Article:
The Profumo affair was a British political scandal originating from a brief sexual relationship in 1961, between John Profumo, the Secretary of State for War in Harold Macmillan's Conservative government, and Christine Keeler, a 19-year-old would-be model. In March 1963, Profumo denied any impropriety in a personal statement to the House of Commons, but was forced to admit the truth a few weeks later. He resigned from the government and from Parliament. The repercussions of the affair severely damaged Macmillan's self-confidence, and he resigned as Prime Minister on health grounds in October 1963. The reputation of the Conservative Party was damaged by the scandal, which may have contributed to its defeat by the Labour Party in the 1964 general election.
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- There has been no impropriety between myself and Miss Keeler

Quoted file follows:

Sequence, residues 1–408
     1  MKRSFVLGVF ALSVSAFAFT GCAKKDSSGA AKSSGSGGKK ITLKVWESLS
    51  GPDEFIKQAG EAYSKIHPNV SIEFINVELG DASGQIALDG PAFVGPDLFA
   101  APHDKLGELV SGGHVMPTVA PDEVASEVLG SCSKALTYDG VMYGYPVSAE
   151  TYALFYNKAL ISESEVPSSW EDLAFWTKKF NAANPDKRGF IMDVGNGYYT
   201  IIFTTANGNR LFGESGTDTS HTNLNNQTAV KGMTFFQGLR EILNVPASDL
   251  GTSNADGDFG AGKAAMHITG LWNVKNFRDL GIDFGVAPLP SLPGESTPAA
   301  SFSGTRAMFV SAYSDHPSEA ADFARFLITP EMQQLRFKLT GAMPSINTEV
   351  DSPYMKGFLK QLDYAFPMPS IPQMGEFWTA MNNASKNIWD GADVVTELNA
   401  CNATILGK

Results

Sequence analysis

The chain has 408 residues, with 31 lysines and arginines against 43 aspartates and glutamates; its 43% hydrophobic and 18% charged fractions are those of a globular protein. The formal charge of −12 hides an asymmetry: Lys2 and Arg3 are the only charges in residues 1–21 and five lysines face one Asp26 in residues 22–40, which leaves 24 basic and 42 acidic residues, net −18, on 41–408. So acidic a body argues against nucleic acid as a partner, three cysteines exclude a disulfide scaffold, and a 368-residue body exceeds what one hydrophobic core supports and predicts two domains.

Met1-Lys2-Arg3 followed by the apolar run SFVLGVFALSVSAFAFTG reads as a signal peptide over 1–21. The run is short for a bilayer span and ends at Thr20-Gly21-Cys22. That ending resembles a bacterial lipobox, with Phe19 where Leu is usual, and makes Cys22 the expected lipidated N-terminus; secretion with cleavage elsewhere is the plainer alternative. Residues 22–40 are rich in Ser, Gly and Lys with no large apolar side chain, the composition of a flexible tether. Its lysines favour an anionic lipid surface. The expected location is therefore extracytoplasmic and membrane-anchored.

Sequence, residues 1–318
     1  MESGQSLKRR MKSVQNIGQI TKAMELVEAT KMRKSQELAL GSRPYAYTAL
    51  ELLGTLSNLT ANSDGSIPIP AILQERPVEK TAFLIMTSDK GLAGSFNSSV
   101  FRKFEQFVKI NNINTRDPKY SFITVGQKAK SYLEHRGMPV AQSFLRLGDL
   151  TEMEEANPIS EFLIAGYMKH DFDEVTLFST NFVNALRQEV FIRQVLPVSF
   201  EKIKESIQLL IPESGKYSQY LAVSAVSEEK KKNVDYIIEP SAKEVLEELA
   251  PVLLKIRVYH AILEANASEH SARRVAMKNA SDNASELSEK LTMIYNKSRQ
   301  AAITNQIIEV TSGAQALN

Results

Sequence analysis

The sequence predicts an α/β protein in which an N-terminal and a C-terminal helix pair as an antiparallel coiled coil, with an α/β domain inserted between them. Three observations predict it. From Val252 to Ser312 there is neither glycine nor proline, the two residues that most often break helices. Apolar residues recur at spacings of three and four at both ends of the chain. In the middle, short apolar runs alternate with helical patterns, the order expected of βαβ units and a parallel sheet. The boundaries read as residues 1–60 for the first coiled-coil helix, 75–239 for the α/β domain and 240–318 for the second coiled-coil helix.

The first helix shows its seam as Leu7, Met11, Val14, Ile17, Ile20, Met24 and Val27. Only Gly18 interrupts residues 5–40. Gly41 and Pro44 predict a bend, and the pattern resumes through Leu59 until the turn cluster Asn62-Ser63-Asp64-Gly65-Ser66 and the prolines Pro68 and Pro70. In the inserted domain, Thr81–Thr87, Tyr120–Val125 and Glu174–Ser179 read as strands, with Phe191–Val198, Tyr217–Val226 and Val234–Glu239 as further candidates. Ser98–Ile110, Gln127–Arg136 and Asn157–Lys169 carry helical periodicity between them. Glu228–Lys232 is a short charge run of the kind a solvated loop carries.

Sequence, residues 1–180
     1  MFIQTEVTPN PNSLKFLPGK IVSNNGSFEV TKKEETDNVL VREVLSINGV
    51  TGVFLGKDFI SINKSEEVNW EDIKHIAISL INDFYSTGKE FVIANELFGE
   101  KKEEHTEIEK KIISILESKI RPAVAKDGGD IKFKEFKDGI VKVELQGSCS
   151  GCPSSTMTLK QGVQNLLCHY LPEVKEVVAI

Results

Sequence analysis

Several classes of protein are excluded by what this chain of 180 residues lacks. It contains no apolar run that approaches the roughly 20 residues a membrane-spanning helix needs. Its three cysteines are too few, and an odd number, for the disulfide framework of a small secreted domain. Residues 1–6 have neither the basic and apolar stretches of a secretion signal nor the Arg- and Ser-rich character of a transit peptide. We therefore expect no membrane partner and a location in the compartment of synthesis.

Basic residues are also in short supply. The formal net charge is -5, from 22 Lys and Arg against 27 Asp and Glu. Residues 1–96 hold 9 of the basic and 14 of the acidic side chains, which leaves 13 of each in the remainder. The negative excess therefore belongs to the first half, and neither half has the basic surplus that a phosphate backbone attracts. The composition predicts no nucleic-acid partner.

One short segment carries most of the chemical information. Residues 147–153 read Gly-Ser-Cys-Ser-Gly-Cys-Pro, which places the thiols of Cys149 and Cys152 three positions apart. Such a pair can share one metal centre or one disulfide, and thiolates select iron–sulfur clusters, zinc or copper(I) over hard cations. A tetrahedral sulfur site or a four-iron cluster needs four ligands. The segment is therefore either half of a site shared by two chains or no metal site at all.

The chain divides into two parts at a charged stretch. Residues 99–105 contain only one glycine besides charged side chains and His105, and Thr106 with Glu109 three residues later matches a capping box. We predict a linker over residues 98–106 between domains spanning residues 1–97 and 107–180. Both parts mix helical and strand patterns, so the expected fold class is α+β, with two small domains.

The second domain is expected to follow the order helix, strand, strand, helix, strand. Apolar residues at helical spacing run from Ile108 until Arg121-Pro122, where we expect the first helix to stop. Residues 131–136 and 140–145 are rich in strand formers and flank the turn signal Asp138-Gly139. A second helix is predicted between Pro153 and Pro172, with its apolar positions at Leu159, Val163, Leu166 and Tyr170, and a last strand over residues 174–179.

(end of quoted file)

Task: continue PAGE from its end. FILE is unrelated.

- John Profumo, "A very British scandal: The tale of Christine Keeler", Irish Examiner (9 December 2017)
- My life has been cursed by sex I didn't particularly want. Jack Profumo was all over me and there wasn’t much I could do about it. He was a much older man, not someone I wanted to be with, it just happened. Jack had power too and that was part of it for me. Jack Profumo was seriously out of line in his behaviour with me. I was young but he was the one who didn’t know any better. He’d been taught that he could take anything he wanted.
- Christine Keeler, "A very British scandal: The tale of Christine Keeler", Irish Examiner (9 December 2017)
- It is really more than I can stand – the horror, day after day at the court and in the streets. It is not only fear, it is a wish not to let them get me. I would rather get myself. I do hope I have not let people down too much
- Stephen Ward, "Sex, lies and spies: the real history of the Profumo Affair", HistoryExtra